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Giant Void within the Khufu Pyramid

Have you ever noticed that giant cavity that was discovered within the Khufu, or Cheops, monument in Egypt?

Could that cavity hold anything of value? Is it a giant void?

Japanese and French scientists made the announcement after two years of study at the famous pyramid complex.

A technique that was used called muography, which can sense density changes inside large rock structures.

The Great Pyramid, or Khufu’s Pyramid, was constructed during the reign of Pharaoh Khufu between 2509 and 2483 BC.

At 140m (460 feet) in height, it is the largest of the Egyptian pyramids located at Giza on the outskirts of Cairo.

Khufu contains three large interior chambers and a series of passageways, the most well-known one which is the 47m-long, 8m-high Grand Gallery.

The newly identified feature is said to sit directly above this and have similar dimensions.

We don’t know whether this big void is horizontal or inclined; we don’t know if this void is made by one structure or several successive structures,” explained Mehdi Tayoubi from the HIP Institute, Paris.

What we are sure about is that this big void is there; that it is impressive; and that it was not expected as far as I know by any sort of theory.”

The team which is responsible for revealing this feature are extremely careful not to describe the cavity as a “chamber”.

The pyramid contains compartments that experts believe may have been incorporated by the builders to avoid collapse by relieving some of the stress of the overlying weight of stone.

As the American archaeologist Mark Lehner observes and reviews the teams work, He says the muon science is sound but he is not yet convinced the discovery has significance.

It could be a kind of space that the builders left to protect the very narrow roof of the grand gallery from the weight of the pyramid,” he told the BBC’s Science in Action programme.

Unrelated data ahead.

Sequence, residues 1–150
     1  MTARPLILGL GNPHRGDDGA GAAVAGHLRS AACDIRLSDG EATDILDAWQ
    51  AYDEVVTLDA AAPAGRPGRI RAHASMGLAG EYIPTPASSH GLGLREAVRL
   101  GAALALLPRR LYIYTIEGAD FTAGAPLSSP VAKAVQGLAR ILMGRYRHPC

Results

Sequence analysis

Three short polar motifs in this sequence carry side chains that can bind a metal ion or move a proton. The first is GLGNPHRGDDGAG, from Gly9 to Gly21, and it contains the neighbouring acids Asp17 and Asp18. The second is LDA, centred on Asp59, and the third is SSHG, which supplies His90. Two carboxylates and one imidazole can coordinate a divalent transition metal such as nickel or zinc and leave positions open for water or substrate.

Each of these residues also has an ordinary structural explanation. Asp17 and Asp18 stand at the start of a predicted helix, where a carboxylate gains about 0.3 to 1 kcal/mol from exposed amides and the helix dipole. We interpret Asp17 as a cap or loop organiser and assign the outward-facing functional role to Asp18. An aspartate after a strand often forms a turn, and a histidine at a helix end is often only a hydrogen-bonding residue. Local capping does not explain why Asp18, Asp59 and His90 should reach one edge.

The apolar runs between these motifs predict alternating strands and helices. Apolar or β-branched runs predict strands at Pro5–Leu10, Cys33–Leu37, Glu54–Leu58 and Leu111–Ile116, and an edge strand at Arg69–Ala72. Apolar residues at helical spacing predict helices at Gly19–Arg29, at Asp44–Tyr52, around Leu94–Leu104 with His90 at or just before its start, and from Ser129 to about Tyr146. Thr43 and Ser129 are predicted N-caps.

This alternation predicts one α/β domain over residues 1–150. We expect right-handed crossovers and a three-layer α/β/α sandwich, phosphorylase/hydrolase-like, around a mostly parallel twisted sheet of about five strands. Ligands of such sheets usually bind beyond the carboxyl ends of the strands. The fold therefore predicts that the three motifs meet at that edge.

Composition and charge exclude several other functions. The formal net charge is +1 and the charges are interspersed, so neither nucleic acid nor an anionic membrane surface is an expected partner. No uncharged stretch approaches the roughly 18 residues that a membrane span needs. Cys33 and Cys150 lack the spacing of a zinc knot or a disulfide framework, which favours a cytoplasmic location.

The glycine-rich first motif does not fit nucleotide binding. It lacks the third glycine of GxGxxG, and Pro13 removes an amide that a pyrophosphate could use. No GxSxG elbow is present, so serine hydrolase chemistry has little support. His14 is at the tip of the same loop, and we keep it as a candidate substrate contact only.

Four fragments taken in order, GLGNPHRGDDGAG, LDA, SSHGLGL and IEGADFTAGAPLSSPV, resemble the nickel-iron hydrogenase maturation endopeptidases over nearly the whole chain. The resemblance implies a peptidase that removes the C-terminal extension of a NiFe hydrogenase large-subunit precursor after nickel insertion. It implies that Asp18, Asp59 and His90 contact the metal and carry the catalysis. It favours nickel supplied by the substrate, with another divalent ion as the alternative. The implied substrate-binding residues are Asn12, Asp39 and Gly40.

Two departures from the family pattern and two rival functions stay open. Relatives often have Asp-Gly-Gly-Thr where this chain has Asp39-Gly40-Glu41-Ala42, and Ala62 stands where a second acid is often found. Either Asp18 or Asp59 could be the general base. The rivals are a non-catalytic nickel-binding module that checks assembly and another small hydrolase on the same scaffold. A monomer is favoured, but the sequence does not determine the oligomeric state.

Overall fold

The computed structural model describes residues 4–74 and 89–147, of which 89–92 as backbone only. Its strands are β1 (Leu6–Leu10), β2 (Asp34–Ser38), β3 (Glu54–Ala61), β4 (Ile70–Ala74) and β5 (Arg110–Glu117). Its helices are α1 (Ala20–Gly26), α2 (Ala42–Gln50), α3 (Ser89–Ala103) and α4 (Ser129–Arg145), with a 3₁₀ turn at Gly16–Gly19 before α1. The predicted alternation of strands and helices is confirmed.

Right now it’s just a big difference; it’s an anomaly. But we need more of a focus on it especially in a day and age when we can no longer go blasting our way through the pyramid with gunpowder as [British] Egyptologist Howard Vyse did in the early 1800s.”

Hany Helal (Cairo University) a team leader among the researching team, believes the void is too big to have a pressure-relieving purpose, but concedes the experts will debate this.

What we are doing is trying to understand the internal structure of the pyramids and how this pyramid has been built,” he told reporters.

Famous Egyptologists, archaeologists and architects – they have some hypotheses. And what we are doing is giving them data. It is they who have to tell us whether this is expected or not.

Much of the uncertainty comes down to the rather imprecise data gained from muography.

As this technique has been developed over the past 50 years to probe the interiors of phenomena as diverse as volcanoes and glaciers. It has even been used to investigate the failed nuclear reactors at Fukushima.

Muography makes use of the shower of high-energy particles that rain down on the Earth’s surface from space.

When super-fast cosmic rays collide with air molecules, they produce a range of “daughter” particles, including muons.

These also move close to the speed of light and only weakly interact with matter. So when they reach the surface, they penetrate deeply into rock.

But some of the particles will be absorbed and deflected by the atoms in the rock’s minerals, and if the muon detectors are placed under a region of interest then a picture of density anomalies can be obtained.

Sébastien Procureur, from CEA-IRFU, University of Paris-Saclay, emphasised that muography only sees large features, and that the team’s scans were not just picking up a general porosity inside the pyramid.

“With muons you measure an integrated density,” he explained. “So, if there are holes everywhere then the integrated density will be the same, more or less, in all directions, because everything will be averaged. But if you see some excess of muons, it means that you have a bigger void.

“You don’t get that in a Swiss cheese.”

Source: http://bbc.com

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